Rents are rising while interest rates remain low, yet young Americans are still largely choosing to rent instead of buy.
Home rent costs have jumped 14 percent since 2010, and are expected to rise another 3.3 percent this year, to year to an average of $1,161, according to commercial property tracker to Reis Inc.
Real estate agent Joan Kamens said high student loan debt is preventing adequate debt to income ratios required by lenders for a mortgage.
Lifestyle habits are a significant contributor as well, she added.
"Millennials are getting married later in life than previous generations, and a sense of urgency to purchase comes with stability, marriage and growing families," said Kamens, an agent with Coldwell Banker Hearthside in Newtown, Pennsylvania, near Philadelphia. She is also the mother of two 20-somethings.
According to a recent Goldman Sachs study, 30 percent of millennials consider buying a home important but not a priority.
So when will the next generation start to buy houses? Kamens said it will happen once they're more established in their careers and family, and "when education for children becomes a factor, they may settle with less for the convenience of quick travel time to workplace."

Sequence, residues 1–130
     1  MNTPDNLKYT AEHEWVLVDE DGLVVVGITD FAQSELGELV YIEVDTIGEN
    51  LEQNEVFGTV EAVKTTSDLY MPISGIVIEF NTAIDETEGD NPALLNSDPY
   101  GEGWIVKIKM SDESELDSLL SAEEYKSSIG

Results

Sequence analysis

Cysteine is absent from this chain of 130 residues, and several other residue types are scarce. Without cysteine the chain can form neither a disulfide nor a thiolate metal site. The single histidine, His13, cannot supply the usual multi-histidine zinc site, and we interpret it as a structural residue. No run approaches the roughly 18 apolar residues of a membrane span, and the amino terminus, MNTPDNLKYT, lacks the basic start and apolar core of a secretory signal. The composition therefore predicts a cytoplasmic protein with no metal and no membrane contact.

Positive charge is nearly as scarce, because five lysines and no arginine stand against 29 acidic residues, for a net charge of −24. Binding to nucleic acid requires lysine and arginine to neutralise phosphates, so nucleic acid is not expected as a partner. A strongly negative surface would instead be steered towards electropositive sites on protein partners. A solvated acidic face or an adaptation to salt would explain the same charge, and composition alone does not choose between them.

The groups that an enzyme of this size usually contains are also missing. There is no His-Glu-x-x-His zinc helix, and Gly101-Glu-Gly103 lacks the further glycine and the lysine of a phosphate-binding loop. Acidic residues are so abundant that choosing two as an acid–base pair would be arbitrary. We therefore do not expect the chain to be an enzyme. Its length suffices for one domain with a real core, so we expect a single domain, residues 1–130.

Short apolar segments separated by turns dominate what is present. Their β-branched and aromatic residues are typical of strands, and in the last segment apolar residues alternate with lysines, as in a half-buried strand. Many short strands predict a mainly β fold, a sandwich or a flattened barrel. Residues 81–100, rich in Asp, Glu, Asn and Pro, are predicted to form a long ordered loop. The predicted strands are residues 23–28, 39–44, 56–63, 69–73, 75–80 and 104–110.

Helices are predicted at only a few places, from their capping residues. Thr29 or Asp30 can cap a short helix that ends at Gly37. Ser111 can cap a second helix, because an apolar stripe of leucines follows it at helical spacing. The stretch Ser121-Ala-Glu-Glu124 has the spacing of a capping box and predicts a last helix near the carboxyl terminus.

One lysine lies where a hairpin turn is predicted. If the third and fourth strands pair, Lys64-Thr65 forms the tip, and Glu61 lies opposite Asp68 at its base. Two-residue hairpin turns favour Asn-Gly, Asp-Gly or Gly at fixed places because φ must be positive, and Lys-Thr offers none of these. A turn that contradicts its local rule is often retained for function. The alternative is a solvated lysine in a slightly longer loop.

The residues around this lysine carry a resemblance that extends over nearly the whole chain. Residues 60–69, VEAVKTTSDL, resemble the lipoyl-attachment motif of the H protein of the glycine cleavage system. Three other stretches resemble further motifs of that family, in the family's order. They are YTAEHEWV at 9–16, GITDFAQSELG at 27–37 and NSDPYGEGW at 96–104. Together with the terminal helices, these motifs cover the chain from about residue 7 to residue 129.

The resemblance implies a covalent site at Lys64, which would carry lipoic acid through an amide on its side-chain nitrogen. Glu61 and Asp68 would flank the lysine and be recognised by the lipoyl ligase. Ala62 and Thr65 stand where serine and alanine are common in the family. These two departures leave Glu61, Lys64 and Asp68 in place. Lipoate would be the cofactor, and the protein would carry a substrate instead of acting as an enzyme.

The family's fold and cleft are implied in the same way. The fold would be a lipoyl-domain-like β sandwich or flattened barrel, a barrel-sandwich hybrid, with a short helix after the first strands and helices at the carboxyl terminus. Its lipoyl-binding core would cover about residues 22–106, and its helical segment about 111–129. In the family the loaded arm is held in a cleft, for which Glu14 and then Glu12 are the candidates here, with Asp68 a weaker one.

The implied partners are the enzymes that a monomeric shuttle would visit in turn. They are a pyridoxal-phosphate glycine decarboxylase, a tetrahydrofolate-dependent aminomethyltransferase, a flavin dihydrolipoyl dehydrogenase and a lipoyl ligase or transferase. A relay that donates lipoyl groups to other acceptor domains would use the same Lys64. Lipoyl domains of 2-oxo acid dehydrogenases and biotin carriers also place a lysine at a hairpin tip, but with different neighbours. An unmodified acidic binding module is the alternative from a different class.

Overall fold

Neeta Mulgaokar, a real estate agent in New York with Mirador and a millennial, stands by the trend.
"Many of my clients are saying, 'Why would I buy when it's so expensive? I could use that money for something else like travel or starting a business.' "
Another big factor is the transient nature of the generation's preferences coupled with the technology that supports their habits.
"Many companies, like Ernst & Young, are including remote work options for their millennial employees," Mulgaokar pointed out.
"Many millennials have been burned or felt trapped by contracts (cell phones, cable, even student loans) and are shying away from long-term commitment," she said. "They will pay more to avoid it all together."
—The Associated Press contributed to this report.